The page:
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Dumbo FeatherDumbo Feather

Dumbo Feather Issue 54

Dumbo Feather is an iconic Australian magazine. Published quarterly for seven years, and hailed around the world as a design leader, it is a magazine like no other. Our readers are people who want to be told a different story than the one they hear every day. Each quarterly issue features five extended (20 page) profiles of people worth knowing, across enterprise, education, science, sport, politics, fashion and the arts. Whether they’ve touched millions, or just those around them, we take the time to get to know these people, and ask them to tell us their stories.

Land:
Australia
Språk:
English
Utgiver:
Dumbo Feather Pty Ltd
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KJØP UTGAVE
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4 Utgaver

I DENNE UTGAVEN

access_time3 min.
featured artist: tracey deep

Dear friends, In the early months of 2017, I experienced romantic love for the first time. Being the ripe age of 31 it felt like a long while coming, and I’d built quite a few expectations as to how it would play out. But the reality didn’t quite match the picture I’d been fed. While I was taken by this man (and all of his magnificence), it wasn’t like I’d suddenly found my missing puzzle piece. In fact, there were more pieces now, and they didn’t always click with mine. Initially it was disorienting, but every now and then—when my expectations softened—I got a glimpse into the deeper place where the staying power was coming from. I could see that he was both familiar and a mystery to me, someone I felt…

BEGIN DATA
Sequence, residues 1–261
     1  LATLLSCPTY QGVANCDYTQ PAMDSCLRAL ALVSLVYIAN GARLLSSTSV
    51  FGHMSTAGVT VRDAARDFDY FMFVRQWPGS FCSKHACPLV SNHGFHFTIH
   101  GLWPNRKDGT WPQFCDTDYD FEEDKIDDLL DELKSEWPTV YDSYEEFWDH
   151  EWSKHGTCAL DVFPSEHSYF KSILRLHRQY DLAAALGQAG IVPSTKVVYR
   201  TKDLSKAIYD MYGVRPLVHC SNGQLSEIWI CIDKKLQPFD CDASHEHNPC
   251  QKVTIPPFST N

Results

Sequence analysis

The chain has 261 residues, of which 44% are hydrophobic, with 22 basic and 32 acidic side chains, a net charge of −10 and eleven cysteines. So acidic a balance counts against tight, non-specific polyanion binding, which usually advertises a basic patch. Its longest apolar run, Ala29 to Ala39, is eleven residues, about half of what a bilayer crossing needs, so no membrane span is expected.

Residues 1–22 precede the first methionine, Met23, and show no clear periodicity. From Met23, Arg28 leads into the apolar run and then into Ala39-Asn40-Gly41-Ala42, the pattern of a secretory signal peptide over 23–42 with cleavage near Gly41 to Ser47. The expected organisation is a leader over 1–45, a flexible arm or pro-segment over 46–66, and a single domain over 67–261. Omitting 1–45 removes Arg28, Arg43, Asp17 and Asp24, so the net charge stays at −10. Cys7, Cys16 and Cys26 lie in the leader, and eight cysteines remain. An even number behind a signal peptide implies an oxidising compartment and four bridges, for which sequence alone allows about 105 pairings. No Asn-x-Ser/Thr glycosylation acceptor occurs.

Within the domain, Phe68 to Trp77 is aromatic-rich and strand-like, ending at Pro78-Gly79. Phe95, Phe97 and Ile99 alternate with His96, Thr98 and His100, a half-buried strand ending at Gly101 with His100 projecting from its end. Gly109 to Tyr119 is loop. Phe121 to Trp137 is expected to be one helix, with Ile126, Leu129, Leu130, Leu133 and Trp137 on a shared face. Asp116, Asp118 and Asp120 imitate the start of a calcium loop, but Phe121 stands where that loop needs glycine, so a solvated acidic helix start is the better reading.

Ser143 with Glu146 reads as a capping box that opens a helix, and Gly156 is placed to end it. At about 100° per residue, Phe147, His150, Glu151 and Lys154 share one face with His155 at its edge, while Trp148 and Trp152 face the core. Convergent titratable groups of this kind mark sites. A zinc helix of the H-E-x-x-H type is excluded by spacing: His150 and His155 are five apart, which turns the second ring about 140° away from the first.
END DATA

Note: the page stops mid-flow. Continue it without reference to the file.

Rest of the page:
access_time6 min.
the other kind of love

Ah, love. It’s one of those words, isn’t it? We routinely use it to refer to romantic passion, or the bonds of familial affection, or close friendship, or even our emotional response to music, food, travel, pets, or poetry. We can say, “I love your scarf” with the same kind of intensity as when we say, “I will love you forever.” Because “love” is such a carry-all word, it’s open to endless misinterpretation. The very power of it—the charm of it—creates the potential for all kinds of misunderstandings. “Love you!” we might chirrup, as a light-hearted way of ending a phone call—rather like the affectionate little “x” we add in a text to someone we’d never dream of kissing. Yet even those apparently innocent signals can cause trouble if the person…

access_time5 min.
beyond romantic consumerism

In the past 15 to 20 years, a profound change has taken place in the way we think about and find romantic love. The internet has completely transformed the landscape from the one that I, a Generation-Xer, encountered when I started dating as a young adult. In the early ’90s, for example, sexual exclusivity was typically assumed, even in the early stages of dating, unless one explicitly agreed otherwise. Today the default assumption between new lovers is the opposite. One does not assume exclusivity until it is mutually agreed upon. At the same time, new distinctions have been created between “levels” of relationship that did not exist before (for example, “seeing” versus “dating”), and a certain stigma of naïveté can attach to prematurely attributing emotional significance to an arrangement that the…